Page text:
Learning to fly
Step 1: Trying to unpack the wing
My senses are tingling with excitement at the thought of the wing and of flying. As soon as I get my hands on it, I head straight out onto the field. I unpack it, clip in and get it up in the air. Well, I try to...
Things go smoother the second time. I decide to follow a video tutorial... My initial attempts are rather modest, but with a little patience, I somehow manage to get the wing into the air.
The next question is: how do you actually fly? I start by watching a video and then trying to copy the technique on the hillside, with some success. I reverse launch and actually manage to take off, getting a few metres up into the air and flying for some 60 metres. The adrenaline is pumping and I pull hard on both brakes, bringing my first "flight" to an end.
Step 2: Back to school
Luckily, there’s a paragliding school near me and so I decide to get training towards my certificate. After some practice runs on a short training hill, I’m already well on my way. Now I use good weather to go flying, rather than climbing, something that is new to me. But I know that I need to invest time now, otherwise it will all come to nothing.
Step 3: My first high-altitude flight
The time has finally come for my first flight. I haven’t felt this excited in a long time. Standing there, as a complete beginner, 500 metres above Sand in Taufers, I ask myself: “What the heck is this going to feel like”?
A few moments later, I hear the instructor say: “You can start!” Without much hesitation and fuelled by adrenaline, I take off and follow his instructions via the radio. Beaming from ear to ear, I glide down and land safely in Sand in Taufers.
In high spirits, my first thought is: “Let’s go again!”. And so, I complete my first five flights in one day.
Step 4: Practice, practice, practice
I commit to attending flight training school and try my hardest to keep some days free from mountain guiding. I even put my own climbing on the back-burner... but it has to be this way.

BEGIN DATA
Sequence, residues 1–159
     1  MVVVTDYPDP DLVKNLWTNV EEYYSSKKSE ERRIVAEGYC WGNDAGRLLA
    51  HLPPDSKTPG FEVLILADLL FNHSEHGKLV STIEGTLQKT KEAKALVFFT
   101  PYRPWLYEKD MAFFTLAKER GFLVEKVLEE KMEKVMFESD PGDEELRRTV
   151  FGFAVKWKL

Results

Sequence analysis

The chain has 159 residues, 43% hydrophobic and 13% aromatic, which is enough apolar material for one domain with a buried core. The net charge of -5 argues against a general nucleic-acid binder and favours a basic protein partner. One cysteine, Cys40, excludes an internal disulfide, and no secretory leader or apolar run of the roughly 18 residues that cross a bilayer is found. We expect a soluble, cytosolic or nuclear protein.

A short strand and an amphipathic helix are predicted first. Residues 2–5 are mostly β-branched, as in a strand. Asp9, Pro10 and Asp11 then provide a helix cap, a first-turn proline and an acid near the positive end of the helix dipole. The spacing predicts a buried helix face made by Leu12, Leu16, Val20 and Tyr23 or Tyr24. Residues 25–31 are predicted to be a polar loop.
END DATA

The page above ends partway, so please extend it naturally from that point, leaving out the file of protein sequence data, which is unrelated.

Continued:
I get better with every flight and soon feel as one with my own wing, which is now a little smaller than the ones I started flying with.
And so, my total flight count keeps rising and I find I’m getting rather addicted to the whole thing. In fact, I don’t even feel disappointed if I go flying instead of climbing. This is something I never expected.
Step 5: First solo flight
Can I fly solo? Without an instructor? Without a radio? I ask myself over and over again. I have to give it a try. It turns out to be a completely new experience... Even though the take-off and landing site are the same ones I always use. It just feels totally different.
Luckily, everything goes according to plan and I land safely .
Step 6: The first flight from a new take-off site
I definitely want to be able to take off and land directly behind my own house. What could be better than flying back to your own home?
My mind is made up. I’m ready to launch. I raise my wing, but there is no wind. This means I have to run fast... I sprint down the steep slope, only just making it over the fence. Once I’m safely in the air, I can’t help but cheer! I land safely right near my house and am over the moon!
Step 7: Learning from your mistakes
It was to be an evening flight this time. Simon and I had agreed to do a flight together, but I arrived early and thought I’d go for a quick round trip first.
What I forget though is that the tailwind is too strong – my protector really pays off!
I decide against a second flight. I learn my lesson the hard way. The moral of the story: don’t take off with a tailwind.
Training, training, training
Back at flight school, I complete my manoeuvres and continue to work on my handling, improving my wingovers, up and down movements and landings and even try out some short thermal flying. I spend a lot of time trying to reverse launch. And it works… most of the time.
I have to say that I have found learning to fly to be something completely new and really motivating. You see your progress and it quickly becomes clear how you are improving. With every flight, you start to feel more and more comfortable in the air.
I have a lot of respect for the sport. It’s extremely tricky and highly exciting. And it takes a huge number of hours to gain enough experience.
Unfortunately, I’m injured at the moment. This means I can’t get out climbing or flying. However, the excitement is building. I hope that it won’t be too long before I’m back out on rock and up in the air!